Tiger Woods' former coach, Hank Haney, took to Twitter on Tuesday to counter the golfer's criticism last week over Haney's SiriusXM radio suspension after comments made on the air about women golfers.
"Amazing how @tigerwoods has now become the moral authority on issues pertaining to women," Haney said in his post. "I spent 6 great years coaching Tiger, and not one time did he ever hear me utter one sexist or racist word. Now, in addition to being a 15 time major champion, I guess he thinks he's also a mind reader? #glasshouses"
On May 29, prior to the start of the U.S. Women's Open, Haney said on his daily radio show that he was not up on the women's game and that he would first go with a Korean golfer as a winner. He then said he would go with "Lee'' and if he didn't have to say a first name, "I'd get a bunch of them right.''
Later in the show, Haney apologized and did so again on Twitter. But there was considerable criticism, including from former U.S. Women's Open winner Michelle Wie.
On Friday, Woods said that Haney "deserved'' the suspension, which was suggested by the PGA Tour. Sirius XM said it was reviewing the status of Haney's show and there has been no word this week on the future of the show.
"He deserved it,'' Woods said at the Memorial Tournament. "Just can't look at life like that. And he obviously said what he meant, and he got what he deserved.''
Haney, 63, had a successful six-year run with Woods that saw the golfer win 31 PGA Tour titles and six major championships before their working relationship ended in 2010. In 2012, Haney wrote a book called "The Big Miss,'' which detailed their time together but also delved into parts of Woods' personal life.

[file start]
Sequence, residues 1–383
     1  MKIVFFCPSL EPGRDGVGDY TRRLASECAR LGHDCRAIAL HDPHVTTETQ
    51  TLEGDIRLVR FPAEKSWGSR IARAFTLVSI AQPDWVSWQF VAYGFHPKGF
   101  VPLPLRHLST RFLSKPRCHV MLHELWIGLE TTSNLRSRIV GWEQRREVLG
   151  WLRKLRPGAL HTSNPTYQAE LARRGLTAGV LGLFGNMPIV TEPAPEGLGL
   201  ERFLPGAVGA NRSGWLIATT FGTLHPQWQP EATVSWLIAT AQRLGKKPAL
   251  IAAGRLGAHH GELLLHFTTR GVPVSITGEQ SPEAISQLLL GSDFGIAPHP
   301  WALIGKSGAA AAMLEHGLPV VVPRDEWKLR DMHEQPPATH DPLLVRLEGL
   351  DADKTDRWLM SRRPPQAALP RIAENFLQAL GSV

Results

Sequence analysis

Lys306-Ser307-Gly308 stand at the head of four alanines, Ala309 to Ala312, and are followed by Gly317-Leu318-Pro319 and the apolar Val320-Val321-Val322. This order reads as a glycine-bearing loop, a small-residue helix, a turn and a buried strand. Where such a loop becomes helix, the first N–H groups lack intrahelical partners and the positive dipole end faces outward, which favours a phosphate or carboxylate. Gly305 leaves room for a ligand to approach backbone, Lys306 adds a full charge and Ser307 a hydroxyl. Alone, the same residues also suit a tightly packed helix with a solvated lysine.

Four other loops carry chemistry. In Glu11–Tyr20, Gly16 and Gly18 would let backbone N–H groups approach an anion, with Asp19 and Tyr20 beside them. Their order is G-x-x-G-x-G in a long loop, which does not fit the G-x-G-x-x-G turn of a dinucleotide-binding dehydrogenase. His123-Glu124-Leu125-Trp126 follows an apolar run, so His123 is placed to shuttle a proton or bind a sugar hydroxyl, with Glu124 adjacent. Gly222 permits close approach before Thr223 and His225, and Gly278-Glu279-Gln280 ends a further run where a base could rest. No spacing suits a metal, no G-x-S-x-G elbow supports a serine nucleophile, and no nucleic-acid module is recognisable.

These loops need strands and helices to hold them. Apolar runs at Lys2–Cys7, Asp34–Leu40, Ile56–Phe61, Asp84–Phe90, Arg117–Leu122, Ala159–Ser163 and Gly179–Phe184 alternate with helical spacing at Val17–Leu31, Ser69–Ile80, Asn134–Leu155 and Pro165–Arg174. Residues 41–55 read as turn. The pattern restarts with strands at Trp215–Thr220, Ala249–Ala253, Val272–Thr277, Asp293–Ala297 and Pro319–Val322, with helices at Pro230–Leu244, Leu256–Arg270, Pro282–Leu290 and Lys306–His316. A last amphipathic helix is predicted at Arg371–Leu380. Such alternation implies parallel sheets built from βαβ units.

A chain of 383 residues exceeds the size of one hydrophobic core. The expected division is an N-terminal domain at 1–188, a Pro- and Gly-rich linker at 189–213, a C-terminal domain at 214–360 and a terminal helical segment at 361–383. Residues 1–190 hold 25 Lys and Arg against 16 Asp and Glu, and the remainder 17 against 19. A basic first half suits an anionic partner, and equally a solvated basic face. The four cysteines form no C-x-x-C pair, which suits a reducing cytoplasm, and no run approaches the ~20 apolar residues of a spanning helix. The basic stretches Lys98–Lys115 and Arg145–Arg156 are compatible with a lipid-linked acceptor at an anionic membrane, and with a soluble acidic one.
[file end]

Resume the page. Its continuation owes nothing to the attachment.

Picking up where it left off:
Woods told ESPN at the time that he remained thankful for Haney's impact on his career, but he was not happy about the book.
"I think it's unprofessional and very disappointing,'' Woods told ESPN then. "Especially because it's someone I worked with and trusted as a friend.''
Haney is a longtime golf instructor whose most prominent student prior to Woods was Mark O'Meara. He owns and operates several golf schools in the Dallas area.
After South Korea's Jeongeun Lee6 won the U.S. Women's Open on Sunday, capturing her first LPGA Tour title, Haney suggested on Twitter that it was validation for his pre-tournament prediction.
"My prediction that a Korean woman would be atop the leaderboard at the Women's U.S. Open was based on statistics and facts,'' he wrote. "Korean women are absolutely dominating the LPGA Tour. If you asked me again my answer would be the same but worded more carefully."